As more surfers came down the stairs and paddled out, I moved east to the next peak where I introduced myself to a couple of longboarders I'd seen on Thursday morning, Lauren and Jim. Lauren and I caught a wave together; I took the shorter left while she went right. Later, as I stroked for another wave, she asked if I was going left. "No." "OK, go for it!" And I caught my wave of the day, a long right with an open face that let me turn a little before closing out. Woot!
Later, I got video of Jim riding a wave on his yellow board as Lauren paddled back out with her 1-year-old dog, Sophie. 
Lauren is teaching Sophie to surf but Sophie's a beginner surfer dog; it was only her second time on a surfboard and she's still working on her balance.
Lauren and Sophie
I'd turned my glove inside out so the seam wouldn't bash my ring-finger when I popped up with my hand in a fist to protect my not-quite-ready-for-prime-time, almost un-sprained wrist, but still my right hand was feeling like I'd been in a fight. I took my last wave in, working it to the shallows, happy and stoked on the fun little waves of the morning.

After I rinsed my 7'0" at the shower, I stepped into the parking lot but remembered I'd taken a different space since my usual one was occupied. Turning toward the far corner, I tripped over the handicapped ramp and went sprawling across the pavement, Emm skidding to a stop in front of me. Oh, no! No fewer than four guys came instantly to my aid. Someone unwound the leash which, wrapped around my neck and caught under my board, kept me from rising, and strong hands lifted me to my feet. "Are you OK? Are you hurt?" "I'm OK, but I'm afraid to look at my board." One of the guys picked it up and handed it to me, and I was glad to see no major damage. "We're just glad you're alright!" I thanked them and walked more carefully the rest of the way to the car, where I dried Emm and found only fairly superficial scrapes on the rail that I can cover with clear plastic tape, for now. My elbow hurt a bit but my wetsuit was intact, so I was surprised to see a slightly bloody, not-small hole in my arm when I pulled the sleeve off. I must've landed on an exposed pebble in the old pavement. Opening the first aid kit from my gear box for the second time ever, I stuck a band-aid over the wound. Only as I drove away did I notice my other elbow was wet, bleeding from some lesser scrapes. The worst laceration took three stitches to close later at an urgent care. Who knew a parking lot could be such a dangerous place?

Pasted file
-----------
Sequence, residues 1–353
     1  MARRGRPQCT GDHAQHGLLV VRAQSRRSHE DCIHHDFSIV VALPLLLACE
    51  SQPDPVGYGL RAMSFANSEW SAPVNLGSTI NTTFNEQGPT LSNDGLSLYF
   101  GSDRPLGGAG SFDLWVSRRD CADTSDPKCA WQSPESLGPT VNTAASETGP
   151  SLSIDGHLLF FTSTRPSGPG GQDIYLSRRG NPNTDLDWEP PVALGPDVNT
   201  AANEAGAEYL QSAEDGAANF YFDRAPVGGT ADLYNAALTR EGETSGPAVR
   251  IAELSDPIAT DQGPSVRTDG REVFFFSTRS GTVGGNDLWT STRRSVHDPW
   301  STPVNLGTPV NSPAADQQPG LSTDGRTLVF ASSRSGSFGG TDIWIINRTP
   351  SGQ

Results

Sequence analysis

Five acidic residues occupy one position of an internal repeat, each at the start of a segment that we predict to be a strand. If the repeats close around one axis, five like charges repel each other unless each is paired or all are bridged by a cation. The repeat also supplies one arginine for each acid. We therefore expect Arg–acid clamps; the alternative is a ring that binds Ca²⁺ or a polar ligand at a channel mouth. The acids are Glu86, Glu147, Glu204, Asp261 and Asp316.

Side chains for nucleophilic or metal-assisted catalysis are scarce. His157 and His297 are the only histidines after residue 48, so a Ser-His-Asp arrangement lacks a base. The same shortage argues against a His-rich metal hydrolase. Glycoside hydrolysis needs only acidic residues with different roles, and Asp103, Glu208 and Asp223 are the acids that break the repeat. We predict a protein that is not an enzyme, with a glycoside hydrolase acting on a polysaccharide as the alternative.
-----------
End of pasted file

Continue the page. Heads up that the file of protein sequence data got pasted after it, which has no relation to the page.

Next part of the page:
Still, the surf was fun! And there are no restriction on water time for the 10 days I'll have the stitches, so I'm grateful to be able to surf another day soon.

Surfline: Fun, glassy peaks staying super clean but a bit inconsistent overall. Mainly SSW groundswell with small, shorter period NW windswell mixing in. Look for somewhat inconsistent/lully waves mainly in the 2-3'+ zone for the better exposures of the region. Standout spots see occasional shoulder-head high SSW sets on the more favorable tides. Buoy 46012: (Wave) SWELL: 6.9 ft at 9.1 s NW 34 / WIND WAVE: 7.2 ft at 7.7 s NW / WVHT: 10.2 ft / APD: 6.9 s / MWD: 315° (Met) WSPD: 23 kn / GST: 27 kn / WDIR: 330° / ATMP: 50° F / WTMP: 51° F. Tide: 1' rising to 2.5'.

03 May 2012

Sheets of Gray Satin (Hook)

I'd hoped to surf closer to home this week, but the wind's been relentless, and my coastside sources advised against it. So I woke at 4 am to make the trek south and greet the sunrise from the water in Santa Cruz.
The waves were small and glassy, and the crowd friendly and mellow.
I saw the soft-top girl who inspired the anecdote that led off my post Surfer Girls Rock here and on The Inertia, and paddled over to introduce myself. She's Glenna, daughter of Glenn the graybeard, and a super nice person. She didn't remember me from our brief encounter but offered to share waves anytime.

The hoots of Glenn and Glenna, riding the smallest rollers together on the far end, prompted a smiling admonishment from an aging longboarder to "Keep it down - you two are having too much fun over there!" This morning's lineup skewed toward older longboarders instead of young shortboarders, and the vibe was pure aloha.
Accidental underwater photo. One can almost make out a variety of odd creatures beneath the waves.
There was a left working on the second peak that gave me frontside smiles, but the backside rights were longer. I rode a lot of fun little waves, sharing one with Glenna broken by a section between us, our raised-arm salutes at the end punctuated by Glenna's hoot. A-lo-ha!

California poppies
Surfline: Today there's a holding SSW swell providing most of the waves while some minor NW windswell drops. Surf is inconsistent and on the weak/slow side this morning as the tide fills in to a 4' high at 9am. Still, the better spots are seeing some waist-shoulder high sets in between the long flat spells. Buoy 46012: (Wave) SWELL: 4.6 ft at 10.0 s NW 33 / WIND WAVE: 1.0 ft at 4.0 s W / WVHT: 4.6 ft / APD: 7.5 s / MWD: 318° (Met) WSPD: 12 kn / GST: 14 kn / WVHT: 4.3 ft / DPD: 10.0 s / WDIR: 190° / ATMP: 51° F / WTMP: 53° F. Tide: 2' rising to 3'.